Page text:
Eighth, a channel 50 is initiated into the deep coronary arterial wall 40 and through the musculature 42 of a chamber of a heart. In the preferred embodiment, the chamber of a heart is the left ventricular chamber of the heart. The channel 50 can be initiated by standard techniques such as awl punching, incising, use of a laser, or the like. The channel 50 is then extended into the chamber of a heart, in this case the left ventricle 44, by standard techniques (such as punching with a trocar 46, incising with a scalpel blade, electrosurgical cutting with an electrosurgical cutting tool, laser or radio frequency ablation, blunt dissection, etc.).
Ninth, once a channel extending through the entire thickness of a wall 42 of a chamber of a heart is formed, it can be systematically sized by the passage of standard probes.
Tenth, through palpation, inspection, and probing of the distal and proximal coronary artery lumen 48, a conduit 10′ of appropriate dimensions is selected, as outlined above.
Eleventh, as illustrated in
Twelfth, as shown in
Thirteenth, the clamps or sutures closing off blood flow to the coronary artery are released.
Fourteenth, contractions of the heart, if previously stopped, are reinitiated by standard electrostimulation or the reversal of cardioplegia and the patient is slowly weaned from cardiopulmonary bypass by standard techniques.
Fifteenth, the pericardium, sternum, and overlying skin of the chest is re-approximated and surgically closed by standard, conventional techniques.
Sixteenth, anesthesia is reversed and the patient revived by standard techniques.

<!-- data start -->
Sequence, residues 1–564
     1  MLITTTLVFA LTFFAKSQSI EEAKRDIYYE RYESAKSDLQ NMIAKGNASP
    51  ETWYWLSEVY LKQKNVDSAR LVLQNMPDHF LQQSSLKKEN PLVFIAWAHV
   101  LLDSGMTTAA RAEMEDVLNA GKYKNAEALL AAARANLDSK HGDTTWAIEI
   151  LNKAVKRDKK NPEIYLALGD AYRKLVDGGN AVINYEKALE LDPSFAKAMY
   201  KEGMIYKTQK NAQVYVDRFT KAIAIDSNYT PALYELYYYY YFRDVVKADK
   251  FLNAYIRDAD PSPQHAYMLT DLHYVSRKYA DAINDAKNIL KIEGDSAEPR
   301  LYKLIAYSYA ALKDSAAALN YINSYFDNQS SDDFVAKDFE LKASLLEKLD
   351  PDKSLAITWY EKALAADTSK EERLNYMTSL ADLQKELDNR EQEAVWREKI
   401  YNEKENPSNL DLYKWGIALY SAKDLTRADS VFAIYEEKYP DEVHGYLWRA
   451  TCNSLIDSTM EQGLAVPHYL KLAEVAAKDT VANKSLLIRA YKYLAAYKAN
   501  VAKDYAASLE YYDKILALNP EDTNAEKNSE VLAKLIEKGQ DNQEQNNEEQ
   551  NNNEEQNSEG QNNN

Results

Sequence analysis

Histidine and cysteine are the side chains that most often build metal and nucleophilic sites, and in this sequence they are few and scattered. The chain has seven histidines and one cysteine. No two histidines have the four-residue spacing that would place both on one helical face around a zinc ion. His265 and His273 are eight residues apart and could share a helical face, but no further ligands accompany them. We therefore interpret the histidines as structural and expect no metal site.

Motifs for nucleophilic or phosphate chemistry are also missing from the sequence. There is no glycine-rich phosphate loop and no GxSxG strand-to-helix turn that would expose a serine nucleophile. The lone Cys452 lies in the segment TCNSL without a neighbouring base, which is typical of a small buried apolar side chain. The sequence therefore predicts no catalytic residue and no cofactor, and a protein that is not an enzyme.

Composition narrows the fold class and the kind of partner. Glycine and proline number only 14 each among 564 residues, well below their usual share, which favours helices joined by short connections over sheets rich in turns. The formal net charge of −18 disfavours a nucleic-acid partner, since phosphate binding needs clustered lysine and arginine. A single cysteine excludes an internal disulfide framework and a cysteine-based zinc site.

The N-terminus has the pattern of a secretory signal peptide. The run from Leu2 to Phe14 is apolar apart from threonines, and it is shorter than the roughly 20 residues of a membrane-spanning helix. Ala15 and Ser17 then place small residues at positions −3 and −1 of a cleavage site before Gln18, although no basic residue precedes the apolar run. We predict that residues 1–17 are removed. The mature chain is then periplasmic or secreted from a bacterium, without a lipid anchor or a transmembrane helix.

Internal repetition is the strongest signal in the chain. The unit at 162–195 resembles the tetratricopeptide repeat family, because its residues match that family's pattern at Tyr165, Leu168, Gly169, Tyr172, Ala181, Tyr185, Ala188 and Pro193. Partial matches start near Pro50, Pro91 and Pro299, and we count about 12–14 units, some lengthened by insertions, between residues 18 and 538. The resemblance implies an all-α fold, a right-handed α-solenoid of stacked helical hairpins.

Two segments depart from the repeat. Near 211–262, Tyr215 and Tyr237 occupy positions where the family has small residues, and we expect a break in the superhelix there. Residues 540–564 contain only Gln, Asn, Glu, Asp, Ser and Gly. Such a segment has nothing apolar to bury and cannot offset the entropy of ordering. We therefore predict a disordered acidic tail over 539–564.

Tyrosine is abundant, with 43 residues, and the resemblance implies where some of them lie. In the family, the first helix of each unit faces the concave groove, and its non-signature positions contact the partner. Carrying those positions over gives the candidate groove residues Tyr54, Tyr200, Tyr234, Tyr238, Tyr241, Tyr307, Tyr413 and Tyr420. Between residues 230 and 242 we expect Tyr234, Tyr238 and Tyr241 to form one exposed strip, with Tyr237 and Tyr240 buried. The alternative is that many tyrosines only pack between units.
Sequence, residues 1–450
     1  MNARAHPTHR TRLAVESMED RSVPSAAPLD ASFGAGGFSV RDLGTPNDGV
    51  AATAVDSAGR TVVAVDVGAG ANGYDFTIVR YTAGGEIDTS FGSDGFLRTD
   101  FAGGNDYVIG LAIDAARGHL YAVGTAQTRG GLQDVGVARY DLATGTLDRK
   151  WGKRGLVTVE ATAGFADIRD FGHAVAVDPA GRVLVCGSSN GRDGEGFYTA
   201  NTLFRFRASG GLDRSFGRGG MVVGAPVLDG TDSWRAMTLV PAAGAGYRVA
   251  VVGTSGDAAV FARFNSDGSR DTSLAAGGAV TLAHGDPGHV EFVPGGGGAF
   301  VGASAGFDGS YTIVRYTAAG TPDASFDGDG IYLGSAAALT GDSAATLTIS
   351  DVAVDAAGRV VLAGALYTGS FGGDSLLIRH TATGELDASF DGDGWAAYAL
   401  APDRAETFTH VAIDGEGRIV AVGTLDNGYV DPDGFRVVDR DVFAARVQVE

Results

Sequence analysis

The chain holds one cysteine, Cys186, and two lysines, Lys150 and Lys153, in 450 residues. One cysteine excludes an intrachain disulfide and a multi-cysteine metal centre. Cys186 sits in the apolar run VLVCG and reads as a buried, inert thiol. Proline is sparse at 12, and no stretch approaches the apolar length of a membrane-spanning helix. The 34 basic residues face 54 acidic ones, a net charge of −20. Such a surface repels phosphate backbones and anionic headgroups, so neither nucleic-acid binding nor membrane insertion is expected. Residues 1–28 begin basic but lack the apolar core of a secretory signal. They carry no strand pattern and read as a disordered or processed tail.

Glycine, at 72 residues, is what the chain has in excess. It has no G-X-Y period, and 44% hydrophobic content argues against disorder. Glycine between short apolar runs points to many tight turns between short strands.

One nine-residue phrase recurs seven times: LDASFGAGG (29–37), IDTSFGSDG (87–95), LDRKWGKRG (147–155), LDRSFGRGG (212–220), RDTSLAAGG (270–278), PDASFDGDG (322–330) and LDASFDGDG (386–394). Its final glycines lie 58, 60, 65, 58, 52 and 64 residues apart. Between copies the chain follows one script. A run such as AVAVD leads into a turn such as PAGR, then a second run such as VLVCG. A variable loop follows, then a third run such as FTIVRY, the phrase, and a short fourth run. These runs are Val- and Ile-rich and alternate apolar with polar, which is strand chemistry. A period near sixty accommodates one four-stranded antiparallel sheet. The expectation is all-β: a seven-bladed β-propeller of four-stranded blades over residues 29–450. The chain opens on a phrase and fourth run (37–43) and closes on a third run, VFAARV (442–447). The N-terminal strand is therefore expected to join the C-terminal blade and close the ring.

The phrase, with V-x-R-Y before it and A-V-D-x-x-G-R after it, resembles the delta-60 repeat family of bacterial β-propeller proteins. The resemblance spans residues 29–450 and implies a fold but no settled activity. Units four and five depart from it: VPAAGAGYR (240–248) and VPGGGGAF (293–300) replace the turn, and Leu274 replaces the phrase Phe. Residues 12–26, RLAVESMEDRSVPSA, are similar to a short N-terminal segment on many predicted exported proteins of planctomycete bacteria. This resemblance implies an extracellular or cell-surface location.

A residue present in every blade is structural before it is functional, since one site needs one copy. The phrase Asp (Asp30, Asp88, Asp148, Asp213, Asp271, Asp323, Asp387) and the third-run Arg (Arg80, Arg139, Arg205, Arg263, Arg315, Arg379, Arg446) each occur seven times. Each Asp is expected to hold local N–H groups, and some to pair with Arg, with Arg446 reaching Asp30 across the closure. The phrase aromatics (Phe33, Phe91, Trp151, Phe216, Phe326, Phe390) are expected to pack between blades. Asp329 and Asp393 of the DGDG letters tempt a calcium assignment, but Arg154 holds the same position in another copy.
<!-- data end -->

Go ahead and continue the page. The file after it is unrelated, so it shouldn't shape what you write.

D. Embodiments for a Closed Chest Approach
A closed chest approach according to the method of the present invention may use the conduit 10, 10′ as described above. Such a procedure will now be described. Following this description, a closed chest approach using alternative embodiments of the apparatus of the invention will be described.
An exemplary closed-chest procedure, without cardiopulmonary bypass, by which a coronary artery bypass may be accomplished will now be described. The closed-chest approach is less invasive than the open-chest approach, although providing the surgeon with somewhat poorer visualization and limited direct access to both the chambers of the heart and coronary artery bypass site.
Preparation for the procedure, and anesthesia prior to and during the procedure, is outlined above.
First, a plurality of access trocar sheaths is positioned anterior and laterally along the left and right chest walls as outlined by Acuff et al.
Second, a space in the left low anterior chest wall may be formed by removal of the fourth rib cartilage, as outlined by Acuff et al. In this embodiment, the heart and coronary artery can be both directly viewed via this space or window, as well as indirectly visualized via a thoracoscope.
Third, a standard pericardiotomy is performed using a scalpel or electrosurgical cutting tool introduced through the left lateral chest trocar sheaths while viewing under thoroacoscopy. The pericardium can be excised and either spread open, or removed from the thoracic cavity as outlined by Acuff et al.